Tackling was especially poor in the first half. 

HE SAYS-GRADE: D

...::SPECIAL TEAMS
SHE SAYS::...

Punter Johnny Hekker was the MVP of the game.  He did an outstanding job helping to pin the Utes inside their 20.  It's a bad sign however when the punter is the MVP.

On the other side of the coin, freshman kicker Trevor Romaine continued to struggle with his field goals, missing two in Salt Lake.  Not sure what needs to happen here as the kid definitely has the leg.

SHE SAYS-GRADE: C

...::SPECIAL TEAMS
HE SAYS::...

I agree with Angie about about Hekker.  He had an awesome game.

The return game wasn't nearly as effective as it had been in prior games.  The coverage team gave up a big punt return in the second quarter and compounded it with a holding call.  This led directly to Utah's first touchdown.

And the place kicking is just pitiful. I wonder what will happen here when there is real pressure on the kick?

HE SAYS-GRADE: A+ for Hekker, D for the rest.

...::COACHING
SHE SAYS::...

Let's talk offense shall we?  As mentioned above, the Beavers continue to run away (pun intended) from the run at the first sign of adversity. 

The run takes time to establish.  You need a back who can pound it time and time again for small gains and then eventually they'll bust one for a big gain.

That's how the pro-style offense works.  You keep the defense honest and that in turn opens up the passing game.

Riley has stressed this time and time again over the years and we saw what a balanced attack should look like against WSU last week.  Why the complete reversal a week later?

Yes, the offensive line was being manhandled by Utah's strong front, but why then stay with five and seven step drops?  Sometimes it feels like there is no rhyme or reason to the play calls.  Second and short…a pass?  Third and short…a pass?  How about fourth and one...a pass?  The Beavers have a 6-foot-5 quarterback, but instead of a QB sneak the offensive coordinator called yet another pass.

I'm beginning to feel like a broken record about the balance of play calls on offense, but as it stands now, opposing defensive coordinators are licking their chops. 

While others have been extra critical of the defense, they are completely decimated by injuries and did a solid job of in-game adjustments.  Why they didn't do more to stop the run early and try to make Hays win it through the air is beyond me though.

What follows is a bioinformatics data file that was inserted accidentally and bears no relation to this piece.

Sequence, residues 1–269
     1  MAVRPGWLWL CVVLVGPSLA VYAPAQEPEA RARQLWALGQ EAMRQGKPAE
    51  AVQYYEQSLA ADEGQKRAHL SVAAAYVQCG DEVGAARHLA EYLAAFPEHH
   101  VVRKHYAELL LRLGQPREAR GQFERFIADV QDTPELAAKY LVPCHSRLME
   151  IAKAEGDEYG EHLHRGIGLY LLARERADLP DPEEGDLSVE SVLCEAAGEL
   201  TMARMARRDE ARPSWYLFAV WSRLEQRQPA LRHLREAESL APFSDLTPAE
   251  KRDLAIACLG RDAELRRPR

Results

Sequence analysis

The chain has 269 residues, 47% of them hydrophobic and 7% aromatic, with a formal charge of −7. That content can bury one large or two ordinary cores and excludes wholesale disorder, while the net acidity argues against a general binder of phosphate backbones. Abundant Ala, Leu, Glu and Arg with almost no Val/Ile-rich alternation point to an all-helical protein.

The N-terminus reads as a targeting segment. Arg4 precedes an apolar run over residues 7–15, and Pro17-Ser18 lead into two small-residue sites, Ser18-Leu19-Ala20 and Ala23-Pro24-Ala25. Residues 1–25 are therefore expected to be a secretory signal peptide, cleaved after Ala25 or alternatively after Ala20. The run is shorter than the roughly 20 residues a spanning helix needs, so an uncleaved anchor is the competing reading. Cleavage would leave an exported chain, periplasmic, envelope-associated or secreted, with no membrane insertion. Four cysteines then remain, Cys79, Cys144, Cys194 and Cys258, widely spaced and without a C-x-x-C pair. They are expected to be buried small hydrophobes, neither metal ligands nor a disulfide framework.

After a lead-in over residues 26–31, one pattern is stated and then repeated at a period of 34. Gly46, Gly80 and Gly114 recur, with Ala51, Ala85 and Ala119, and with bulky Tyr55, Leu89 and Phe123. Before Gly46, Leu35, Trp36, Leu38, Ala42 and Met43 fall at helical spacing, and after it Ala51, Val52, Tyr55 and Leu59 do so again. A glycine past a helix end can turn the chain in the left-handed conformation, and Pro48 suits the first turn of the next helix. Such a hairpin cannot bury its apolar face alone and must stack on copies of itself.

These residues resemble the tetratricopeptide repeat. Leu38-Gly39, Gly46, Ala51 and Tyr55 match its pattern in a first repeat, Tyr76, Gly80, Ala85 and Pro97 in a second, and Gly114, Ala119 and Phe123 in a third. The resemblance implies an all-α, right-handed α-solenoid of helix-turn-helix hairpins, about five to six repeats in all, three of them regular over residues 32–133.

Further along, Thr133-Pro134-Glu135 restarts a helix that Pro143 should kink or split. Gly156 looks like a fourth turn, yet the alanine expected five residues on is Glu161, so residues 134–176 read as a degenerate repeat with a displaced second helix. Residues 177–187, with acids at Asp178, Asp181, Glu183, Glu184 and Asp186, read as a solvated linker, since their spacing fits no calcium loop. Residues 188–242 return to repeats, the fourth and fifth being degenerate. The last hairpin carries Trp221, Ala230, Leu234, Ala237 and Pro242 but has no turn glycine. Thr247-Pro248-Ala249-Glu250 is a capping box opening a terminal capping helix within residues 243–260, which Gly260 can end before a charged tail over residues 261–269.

SHE SAYS- COACHING GRADE: F

...::COACHING
HE SAYS::...

This game was mismanaged from the start.  From a defensive plan that didn't come out and  force Utah to throw, to an offensive plan that didn't balance the run/pass game.

Utah's coach clearly defined the problem with the Beavers defensive game-plan in his post game comments.  The Utes were never going to beat Oregon State with the pass.  Everyone knew it.  Well, everyone except Oregon State's coaches apparently. 

Sticking with the base 4-3 defense, with undersized defensive tackles, backup linebackers, and an opposing team that was determined to run the ball, was a recipe for losing.

But almost more galling was the offensive game-plan. 

A perfectly balanced run/pass game last week lead to a rout by the Beavers.   This week, it was just the opposite, with an unbalanced called game from the start that lead to being routed.

Yes, before anyone says that they abandoned the run because they were down by 24 at halftime read this:  it was 19 passes to 8 rushes when the score was 3-0 Utah.  Over a two to one difference when the game was essentially tied, on the road, with a quarterback that leads the nation in interceptions.

The Beaver coaches were scared to run even before the game started based on the plays they called.  And the actual rushing numbers from the game prove that fear to be a fallacy.

Here's what we knew going in.  Utah had a crappy offense and a good defense.   But because of the way the Oregon State coaches game planned, they made Utah's offense look decent and their defense look great. 

And with that plan, they gave the Beavers almost no chance to win.  

HE SAYS-COACHING GRADE: F